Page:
If you want to go even more extreme you can replace the whole entire palm of the glove. I would suggest against that though. I have been working on a pair of gloves for a year or so that both need the palms replaced. This not only takes a lot of time, but takes a great deal of patience. I would HIGHLY suggest just maintaining your gloves and have 5 or 10 patches on the palm rather than having to replace the whole palm or even a finger or two.

I will try to make an update if ever I eventually get those gloves done so you guys can see how they look. Let me know how it goes for you and if it was worth your time or money. I figure a $10.00 investment now could prevent you from having to spend $100s on gloves in the future.


Share This Article

  • Twitter
  • Facebook
  • Reddit
  • StumbleUpon
  • Digg
  • Delicious


  1. Rodney said on September 15, 2011

    Any hints for what to do when the otherside of the gloves rip enough that the “foam” inserts in the fingers start coming out?

    • wade said on January 19, 2014

      its called, a new pair of gloves.

  2. Nolan said on September 28, 2011

    There are patches (cloth, denim, etc) that you can probably find at any craft store. There are usually two (iron-on) patches per pack. They usually cost around $3 per pack. You can do one -or both- of two things. First you’ll want to cut the patch into the size you need it. Second you can either just iron on the patch OR you can sew the patch on. If you want to make sure it sticks even better do both things mentioned in the second step.
    If you still have all the cloth around the foam, simply use super glue. It will adhere just about any surface on your gloves to any other surface on you gloves. The stuff that works best -for me- is the stuff I’ve found at a dollar store. It is a yellow and white bottle with a red top. You may want to rough up each surface before you glue them together.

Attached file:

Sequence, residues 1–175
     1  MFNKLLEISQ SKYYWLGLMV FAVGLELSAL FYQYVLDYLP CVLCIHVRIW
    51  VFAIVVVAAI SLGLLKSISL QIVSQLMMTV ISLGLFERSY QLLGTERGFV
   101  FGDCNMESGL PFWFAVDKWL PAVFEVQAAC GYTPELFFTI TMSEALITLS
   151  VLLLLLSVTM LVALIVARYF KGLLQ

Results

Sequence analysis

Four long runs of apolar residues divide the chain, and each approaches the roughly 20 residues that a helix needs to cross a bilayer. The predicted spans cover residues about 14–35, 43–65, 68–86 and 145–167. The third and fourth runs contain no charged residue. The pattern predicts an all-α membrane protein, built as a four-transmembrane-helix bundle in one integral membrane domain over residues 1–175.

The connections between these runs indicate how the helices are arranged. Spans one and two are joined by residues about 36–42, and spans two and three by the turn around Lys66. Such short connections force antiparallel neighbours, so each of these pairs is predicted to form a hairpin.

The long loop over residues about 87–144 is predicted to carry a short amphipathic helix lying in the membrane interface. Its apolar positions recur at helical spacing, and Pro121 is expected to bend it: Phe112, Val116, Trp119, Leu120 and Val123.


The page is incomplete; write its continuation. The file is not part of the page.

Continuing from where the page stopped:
3. Eric said on January 3, 2012

    I use Shoe Goo to fix small holes in the palm. It works pretty well and there is not a lot of labor involved. If the thread has come out of a seam, I use Tear Mender. It is a little bit thinner than the Shoe Goo, and holds well.

  4. Bob said on August 24, 2015

    Dude, thanks for the article. I didnt even think of using patches, or getting material from craft store. Thanks!

  5. Ericson said on January 18, 2016

    Thanks for the tips! I ended up using a patch of soft leather because I couldn\\\\\\\’t find the Spralding vinyl at my local craft store.

    I started stitching my palm holes and thumb holes last night. They held up great!

    Regarding the foam inserts and rips on the other side: what I did was bought a foam hand and cut the pieces into similar shapes as the foam inserts that came out over the last few months then just directly stitched the gloves with no extra material with the outdoor strength (100% polyester) thread. The areas where I need more material I will just add a patch like I did on the palm but this will take
    More time and patience. Perhaps vinyl will be best in this area.

  6. Andrew said on August 2, 2016

    You can buy small sheets of craft leather at most craft stores (Michael’s, for example). I’ve fixed several palm and finger holes by cutting a patch and gluing it around the edges. I use gel-type superglue, and have never had a patch come off or wear through. I recommend gluing patches to the palms of gloves even before they wear through.

  7. Marc said on May 1, 2017

    I tried to buy a nice Suede Leather patch, but they are very expensive at Mostly about $20. So I went to Walmart and bought a pair of Suede Leather garden gloves (e.g. for about $3 which has plenty of very strong Suede Leather. Much cheaper ;-))

  8. Greg said on November 25, 2020

    Hi guys!
    I have some leather scrap that I plan to use for patching my gloves as described here. I have an issue, that I cannot push my needle through the leather patch. I tried different size needles, but no luck.. A leather specific needle is on the other hand too thick so it would tear apart my gloves.. What is an ideal thickness of the patching material? Any tricks for sewing technique? Thanks in advance!

Leave a Comment

Tell us who you are! Basic html is allowed. Advertising, profanity, self-promotion, and off-topic comments will be removed.